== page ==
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Home -> Merlin Harold Hunter -> Outlines of public finance -> Chapter 5

Outlines of public finance - Chapter 5

1. Preface

2. Chapter 1

3. Chapter 1 continue

4. Chapter 2

5. Chapter 2 continue

6. Chapter 3

7. Chapter 3 continue

8. Chapter 3 continue

9. Chapter 4

10. Chapter 4 continue

11. Chapter 4 continue

12. Chapter 5

13. Chapter 5 continue

14. Chapter 5 continue

15. Chapter 6

16. Chapter 6 continue

17. Chapter 7

18. Chapter 7 continue

19. Chapter 7

20. Chapter 7 continue

21. Chapter 9

22. Chapter 9 continue

23. Chapter 10

24. Chapter 10 continue

25. Chapter 10 continue

26. Chapter 11

27. Chapter 11 continue

28. Chapter 11 continue

29. Chapter 12

30. Chapter 12 continue

31. Chapter 13

32. Chapter 13 continue

33. Chapter 13 continue

34. Chapter 14

35. Chapter 14 continue

36. Chapter 14 continue

37. Chapter 15

38. Chapter 15 continue

39. Chapter 15 continue

40. Chapter 16

41. Chapter 16 continue

42. Chapter 17

43. Chapter 17 continue

44. Chapter 17 continue

45. Chapter 18

46. Chapter 18 continue

47. Chapter 18 continue

48. Chapter 19

49. Chapter 19 continue

50. Chapter 19 continue

51. Chapter 19 continue

52. Chapter 20

53. Chapter 20 continue

54. Chapter 20 continue

55. Chapter 20 continue



61. Many Ideas of Taxation Are Inaccurate. To the
layman a tax is any compulsory payment made to a po-
litical division, or, very often, to other institutions. Stu-
dents of fiscal problems, however, cannot accept this broad
characterization, but must make a differentiation between
the compulsory payments to the state and other compul-
sory payments.

Definition of Taxes. A number of attempts have been
made to define taxes, many of which leave something to
be desired. The idea of compulsion is general. Various
ideas as to method and purpose of the levy have been
given. Such ideas as the following may be found in
analyzing the definitions of various writers: Taxes are
legally collected contributions for meeting necessary and
general expenses; taxes are proportional contributions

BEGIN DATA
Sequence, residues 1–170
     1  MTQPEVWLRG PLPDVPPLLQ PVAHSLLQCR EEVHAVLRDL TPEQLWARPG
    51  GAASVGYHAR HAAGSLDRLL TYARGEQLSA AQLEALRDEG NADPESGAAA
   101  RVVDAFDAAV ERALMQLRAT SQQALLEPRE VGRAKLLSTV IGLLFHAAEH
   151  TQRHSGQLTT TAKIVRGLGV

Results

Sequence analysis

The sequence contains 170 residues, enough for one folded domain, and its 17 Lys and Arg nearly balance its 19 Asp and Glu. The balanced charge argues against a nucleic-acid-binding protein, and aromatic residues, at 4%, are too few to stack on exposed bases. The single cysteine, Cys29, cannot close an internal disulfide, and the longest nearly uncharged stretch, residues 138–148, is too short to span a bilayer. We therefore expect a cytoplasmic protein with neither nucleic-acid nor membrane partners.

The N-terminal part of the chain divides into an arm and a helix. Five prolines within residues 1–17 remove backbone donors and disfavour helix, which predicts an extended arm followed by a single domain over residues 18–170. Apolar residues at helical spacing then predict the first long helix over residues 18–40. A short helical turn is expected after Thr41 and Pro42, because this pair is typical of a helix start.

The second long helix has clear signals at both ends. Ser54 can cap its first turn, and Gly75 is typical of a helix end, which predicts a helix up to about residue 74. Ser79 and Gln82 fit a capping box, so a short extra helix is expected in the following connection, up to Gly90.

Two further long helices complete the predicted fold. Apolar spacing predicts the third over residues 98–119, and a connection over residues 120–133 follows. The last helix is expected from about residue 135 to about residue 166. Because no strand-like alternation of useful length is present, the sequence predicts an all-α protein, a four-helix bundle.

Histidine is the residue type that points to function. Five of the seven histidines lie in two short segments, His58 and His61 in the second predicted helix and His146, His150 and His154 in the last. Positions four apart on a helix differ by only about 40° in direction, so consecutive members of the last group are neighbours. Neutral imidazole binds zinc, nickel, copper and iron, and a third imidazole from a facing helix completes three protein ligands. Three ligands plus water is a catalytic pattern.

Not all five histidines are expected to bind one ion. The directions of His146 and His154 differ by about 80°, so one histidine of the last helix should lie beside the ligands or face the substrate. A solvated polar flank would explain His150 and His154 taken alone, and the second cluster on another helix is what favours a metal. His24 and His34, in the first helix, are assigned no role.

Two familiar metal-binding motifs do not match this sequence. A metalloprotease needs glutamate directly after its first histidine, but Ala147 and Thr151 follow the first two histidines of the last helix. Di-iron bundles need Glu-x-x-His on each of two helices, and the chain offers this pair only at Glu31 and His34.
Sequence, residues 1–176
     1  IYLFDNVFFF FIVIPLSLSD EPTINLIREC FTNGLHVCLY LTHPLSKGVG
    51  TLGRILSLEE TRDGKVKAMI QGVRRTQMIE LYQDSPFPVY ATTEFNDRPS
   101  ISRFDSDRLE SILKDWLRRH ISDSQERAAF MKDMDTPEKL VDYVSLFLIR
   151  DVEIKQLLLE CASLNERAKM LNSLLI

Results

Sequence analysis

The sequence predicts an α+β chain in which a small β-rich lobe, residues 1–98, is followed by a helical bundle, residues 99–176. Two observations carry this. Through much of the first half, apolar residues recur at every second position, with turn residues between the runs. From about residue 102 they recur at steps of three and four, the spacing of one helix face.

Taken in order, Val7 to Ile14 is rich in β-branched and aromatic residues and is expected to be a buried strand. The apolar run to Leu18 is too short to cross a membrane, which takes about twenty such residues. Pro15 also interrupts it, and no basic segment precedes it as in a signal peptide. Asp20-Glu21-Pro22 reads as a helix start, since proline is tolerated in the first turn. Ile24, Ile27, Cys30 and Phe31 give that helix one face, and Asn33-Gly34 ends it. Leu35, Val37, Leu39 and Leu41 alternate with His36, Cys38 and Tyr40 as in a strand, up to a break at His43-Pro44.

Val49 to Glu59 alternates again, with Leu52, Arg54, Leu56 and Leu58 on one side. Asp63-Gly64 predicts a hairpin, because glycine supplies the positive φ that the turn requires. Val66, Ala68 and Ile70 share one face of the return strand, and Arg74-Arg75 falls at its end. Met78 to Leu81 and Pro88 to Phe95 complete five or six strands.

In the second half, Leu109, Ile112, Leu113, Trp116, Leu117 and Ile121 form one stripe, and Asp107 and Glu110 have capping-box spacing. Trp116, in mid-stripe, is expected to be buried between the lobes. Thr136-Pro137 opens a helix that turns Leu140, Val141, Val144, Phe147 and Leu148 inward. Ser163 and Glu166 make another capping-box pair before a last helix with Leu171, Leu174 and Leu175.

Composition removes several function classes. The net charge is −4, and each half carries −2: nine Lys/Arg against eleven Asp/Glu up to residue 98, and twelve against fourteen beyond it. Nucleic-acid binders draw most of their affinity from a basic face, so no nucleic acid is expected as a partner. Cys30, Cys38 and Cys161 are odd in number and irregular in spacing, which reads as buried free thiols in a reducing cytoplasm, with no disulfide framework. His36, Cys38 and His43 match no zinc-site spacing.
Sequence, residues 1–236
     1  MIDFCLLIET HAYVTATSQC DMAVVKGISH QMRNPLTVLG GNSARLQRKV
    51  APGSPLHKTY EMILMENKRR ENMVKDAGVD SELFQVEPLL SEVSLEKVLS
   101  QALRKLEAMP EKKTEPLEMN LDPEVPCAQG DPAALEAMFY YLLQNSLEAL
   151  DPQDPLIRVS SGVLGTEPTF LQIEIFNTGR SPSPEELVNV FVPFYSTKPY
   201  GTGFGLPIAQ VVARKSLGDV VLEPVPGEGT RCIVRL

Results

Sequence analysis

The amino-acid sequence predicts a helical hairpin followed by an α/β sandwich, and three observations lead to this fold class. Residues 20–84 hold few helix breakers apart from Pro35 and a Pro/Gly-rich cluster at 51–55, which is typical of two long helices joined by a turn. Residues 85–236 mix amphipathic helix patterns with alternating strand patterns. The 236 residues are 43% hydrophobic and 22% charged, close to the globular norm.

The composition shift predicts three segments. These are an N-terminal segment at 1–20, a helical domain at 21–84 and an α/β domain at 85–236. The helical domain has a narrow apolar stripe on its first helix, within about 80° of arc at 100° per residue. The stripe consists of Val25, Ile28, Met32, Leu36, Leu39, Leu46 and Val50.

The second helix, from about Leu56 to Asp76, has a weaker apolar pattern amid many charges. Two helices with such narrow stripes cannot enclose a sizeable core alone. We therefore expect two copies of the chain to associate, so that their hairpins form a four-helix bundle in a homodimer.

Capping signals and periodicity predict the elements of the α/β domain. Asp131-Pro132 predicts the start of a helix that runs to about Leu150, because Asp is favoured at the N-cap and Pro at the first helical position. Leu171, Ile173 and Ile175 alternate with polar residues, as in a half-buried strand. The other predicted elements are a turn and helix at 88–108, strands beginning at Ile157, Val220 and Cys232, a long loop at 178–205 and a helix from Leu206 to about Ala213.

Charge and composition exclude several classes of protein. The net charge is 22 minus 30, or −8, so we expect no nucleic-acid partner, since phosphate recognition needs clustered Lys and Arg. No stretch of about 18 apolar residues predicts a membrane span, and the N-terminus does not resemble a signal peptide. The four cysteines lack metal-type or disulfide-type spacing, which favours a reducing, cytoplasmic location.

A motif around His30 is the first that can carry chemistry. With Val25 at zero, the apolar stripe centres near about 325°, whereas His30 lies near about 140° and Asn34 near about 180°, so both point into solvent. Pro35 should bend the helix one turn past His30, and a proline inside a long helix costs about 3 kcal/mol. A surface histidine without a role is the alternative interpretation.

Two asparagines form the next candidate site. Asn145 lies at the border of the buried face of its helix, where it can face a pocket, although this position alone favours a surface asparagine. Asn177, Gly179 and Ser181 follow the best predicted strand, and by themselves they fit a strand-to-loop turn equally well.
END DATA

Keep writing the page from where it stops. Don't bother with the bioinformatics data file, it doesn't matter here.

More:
levied on property; taxes are for the purpose of meeting
public needs; taxes are for the purpose of meeting the
expenses of government; taxes are one-sided transfers
with the intention that a common burden will be main-

A little inquiry into the nature of the levy of taxes, and
the purposes for which they are used, will show the in-
sufficiency of these statements. Many examples could
be given of where the funds collected from taxes have
been used for other than the necessary and general ex-
penses of the government. In the ancient autocratic state
the funds collected were often used to subserve the private
ends of the ruler. The same is equally true in such mod-
ern states as Turkey. In any state, however, it is not


difficult to find expenditures from the common fund which
have been so extravagant as to be worse than useless.
Many of the familiar "pork barrel" appropriations of our
Congress are of this nature.

Taxes, moreover, are frequently used for other than
public purposes. Numerous examples may be found where
funds from the common treasury have been used to aid
individuals or groups of individuals in distress. In times
of fire, flood, famine, and pestilence, the purse of political
units has often been called upon to furnish relief. Wealth,
moreover, is not the only criterion which may be taken as
the basis for the tax levy. The wide use of poll taxes, es-
pecially in earlier revenue systems, is evidence of this.
While a tax is not to, be expended for the direct individual
benefit of the one by whom it has been paid, it does not
necessarily convey the idea that the transfer is one-sided.
The prevalence of such an idea would no doubt have the
effect of making taxes very much more unpopular than
they now are.

A proper definition of a tax, then, must be broad enough
to include many of the suggestions in the above paragraph,
and yet narrow enough to exclude voluntary payments,
and those through which the one who makes payment
expects to get a direct benefit from the expenditure of the
fund. The following definition is suggested as one which
meets these requirements. A tax is a compulsory contribu-
tion, exacted by public authority according to some general
rule, without reference to any special benefit conferred by the
expenditure of the funds so exacted. This definition allows